In Vitro Fertilization (IVF)

In vitro fertilization (IVF) is an assisted reproduction method wherein eggs and sperm are joined outside of the uterus in a lab dish. A woman's uterus is used to deliver one or more fertilized eggs (embryos), which mature and implant in the uterine lining. It is uncommon for IVF treatments and procedures to cause serious problems.

What is In Vitro Fertilization?

In vitro fertilization occurs outside of the body, in a lab, where eggs are fertilized by sperm. Afterward, one (or more) of those fertilized eggs is put into the uterus in the hope that it will implant and lead to a pregnancy, which will then result in a child nine months later. There have been an estimated 8 million IVF births globally since the first one in 1978.

Steps of IVF Treatment

Increasing the egg production

It is a process known as stimulation, which starts after the use of fertility medicines.

The greater the number of eggs generated, the greater the likelihood that subsequent fertilization will be successful.

Throughout this phase of the IVF procedure, the ovaries are examined and hormone levels monitored by transvaginal ultrasound and blood tests.

Removing the eggs

To remove the eggs, a quick operation known as follicular aspiration is done.

The doctor uses ultrasound during the surgery to help them precisely place a small needle through the vagina into each ovary. One egg at a time is removed using a device that is hooked to the needle.

Collecting and uniting the sperm with the eggs

A donor donates a sample of sperm while the eggs are extracted. One might decide to use donated sperm. Then, the sperm is placed through a fast wash and spin cycle to separate the healthiest ones.

The best sperm and best eggs are combined next, which is the aspect of IVF with which everyone is most familiar.

An egg must be fertilized by sperm for a few hours on average. The sperm may also be injected directly into the egg by the physician.

Transferring the embryo

Another medicine is given to the IVF participant when her eggs are harvested. With this procedure, the lining of the uterus becomes prepared to receive the embryos to be placed back inside the woman.

The embryos are inserted into the uterus using a catheter. It happens around four to five days after fertilization.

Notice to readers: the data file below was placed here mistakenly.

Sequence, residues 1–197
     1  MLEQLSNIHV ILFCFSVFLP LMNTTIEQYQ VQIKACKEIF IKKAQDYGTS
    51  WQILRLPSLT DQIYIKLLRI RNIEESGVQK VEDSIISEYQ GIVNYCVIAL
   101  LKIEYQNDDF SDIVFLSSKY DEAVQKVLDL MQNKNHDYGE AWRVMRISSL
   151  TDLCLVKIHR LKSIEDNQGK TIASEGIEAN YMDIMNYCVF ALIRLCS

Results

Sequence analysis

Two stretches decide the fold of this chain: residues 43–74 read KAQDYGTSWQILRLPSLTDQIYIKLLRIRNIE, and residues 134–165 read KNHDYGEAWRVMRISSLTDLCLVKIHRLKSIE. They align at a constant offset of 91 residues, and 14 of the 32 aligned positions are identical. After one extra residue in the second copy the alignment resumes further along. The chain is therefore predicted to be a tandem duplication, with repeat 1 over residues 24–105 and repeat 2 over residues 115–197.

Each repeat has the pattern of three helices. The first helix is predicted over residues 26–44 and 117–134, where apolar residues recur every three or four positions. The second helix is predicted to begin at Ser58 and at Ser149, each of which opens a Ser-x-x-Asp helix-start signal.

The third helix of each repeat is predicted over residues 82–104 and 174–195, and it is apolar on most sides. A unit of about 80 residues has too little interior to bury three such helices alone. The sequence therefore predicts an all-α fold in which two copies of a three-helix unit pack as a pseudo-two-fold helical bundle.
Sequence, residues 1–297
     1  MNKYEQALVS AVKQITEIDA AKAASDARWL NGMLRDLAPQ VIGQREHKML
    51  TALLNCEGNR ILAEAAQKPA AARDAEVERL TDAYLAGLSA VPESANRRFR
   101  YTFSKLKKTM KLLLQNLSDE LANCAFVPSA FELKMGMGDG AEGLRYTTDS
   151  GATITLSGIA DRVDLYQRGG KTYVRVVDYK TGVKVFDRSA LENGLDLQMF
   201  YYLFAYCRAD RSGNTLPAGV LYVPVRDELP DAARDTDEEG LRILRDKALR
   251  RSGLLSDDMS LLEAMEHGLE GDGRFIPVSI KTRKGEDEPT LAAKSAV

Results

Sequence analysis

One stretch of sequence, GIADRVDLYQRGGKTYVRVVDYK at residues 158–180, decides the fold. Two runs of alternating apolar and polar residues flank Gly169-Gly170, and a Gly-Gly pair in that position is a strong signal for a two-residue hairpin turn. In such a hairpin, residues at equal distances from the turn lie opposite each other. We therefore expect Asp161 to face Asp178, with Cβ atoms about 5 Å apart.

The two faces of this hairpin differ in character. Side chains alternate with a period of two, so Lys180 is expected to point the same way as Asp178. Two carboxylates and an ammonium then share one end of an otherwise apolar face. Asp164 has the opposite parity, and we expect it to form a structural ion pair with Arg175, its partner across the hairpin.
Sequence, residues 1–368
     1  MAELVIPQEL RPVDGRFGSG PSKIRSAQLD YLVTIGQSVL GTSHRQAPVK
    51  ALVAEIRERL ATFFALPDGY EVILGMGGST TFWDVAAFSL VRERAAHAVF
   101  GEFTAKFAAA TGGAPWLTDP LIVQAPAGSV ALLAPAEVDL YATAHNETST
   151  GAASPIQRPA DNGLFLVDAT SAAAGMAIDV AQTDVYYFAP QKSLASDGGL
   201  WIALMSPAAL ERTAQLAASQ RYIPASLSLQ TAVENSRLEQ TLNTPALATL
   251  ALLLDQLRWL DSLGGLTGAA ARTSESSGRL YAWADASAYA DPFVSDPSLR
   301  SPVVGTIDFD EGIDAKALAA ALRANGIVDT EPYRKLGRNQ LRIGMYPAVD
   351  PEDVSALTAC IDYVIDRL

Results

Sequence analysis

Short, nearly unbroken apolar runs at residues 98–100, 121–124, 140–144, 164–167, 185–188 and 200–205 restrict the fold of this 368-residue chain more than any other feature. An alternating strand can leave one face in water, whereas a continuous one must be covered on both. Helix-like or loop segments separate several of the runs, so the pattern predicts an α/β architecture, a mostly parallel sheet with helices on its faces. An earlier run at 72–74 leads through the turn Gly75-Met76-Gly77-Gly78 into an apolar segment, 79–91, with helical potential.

To increase the likelihood that at least one of the several embryos implanted back into the woman will begin to grow, several embryos are transplanted back into her.

Side Effects of IVF

  • Soreness
  • Vomiting
  • mood changes
  • exhaustion
  • nausea
  • adverse responses
  • increased vaginal discharge
  • Pain in the breasts
  • Ovarian hyperstimulation syndrome (OHSS)

Why IVF is Performed?

People choose IVF for several reasons, including infertility issues or when one partner has a medical condition. If they've had unsuccessful fertility treatments in the past or if they're past the optimum stage for pregnancy, some people consider IVF. IVF is a reproduction option for same-sex partners or single people who wish to start a family.

How does IVF Work?

Your doctor may advise trying a variety of reproductive therapies before resorting to IVF. However, IVF may be the most effective method to conceive for women who have significant fallopian tube obstructions, ovulation problems, a reduced ovarian reserve, low egg quality, or endometriosis by enabling them to have eggs fertilised outside the uterus, thus circumventing these problems. Donated sperm and eggs can be used in IVF for conception.

Side-Effects of IVF

In vitro fertilization can provide the best news of all to couples who are unable to conceive: their dream child is now a reality. IVF is a safe and frequently effective process, which is additional good news. Having said that, there is little probability of adverse effects and some discomfort associated with in vitro fertilization.

IVF Treatment

When a male partner's sperm quality is low or a woman has anomalies in her fallopian tubes, IVF is her first-line treatment. For issues with male and female infertility that are not resolved by other therapies, it is the second-line therapy.

IVF offers the alternatives of using donated male sperm and donated female eggs because it is a laboratory-based procedure. These options can help couples and people who are having trouble achieving pregnancy, especially if they face problems with their sperm or eggs.


Since IVF is a costly operation, not all insurance plans may cover it. Many clinics have success rates that are below average, which may not be apparent from their advertising. The live birth rate, not the pregnancy rate, is the key indicator of success. This varies from about 40% for women under the age of 35 to only 18% for those beyond the age of 41. Nevertheless, IVF is an infertility treatment alternative that offers hope to couples otherwise unable to obtain a pregnancy.

1. Does IVF include anesthesia?

The majority of the time, it happens without anesthetic, but in a certain set of patients, it is possible to offer anesthesia.

2. When is the ideal time to begin in vitro fertilization (IVF) treatment?

After the initial consultation, your doctor will explain the ideal time to begin the prescribed treatment plan. The second or third day of your menstruation may be the day your doctor begins your treatment.

3. How frequently can we attempt IVF?

If a couple can afford the expenses, they are free to try as many times as they like.

4. How long must pass between two failed IVF cycles?

At least 2 months for fresh cycles and 1 month for frozen cycles are required.

5. How much time must I be inactive following the embryo transfer procedure?

After the transfer, 15-20 minutes of rest is generally enough.

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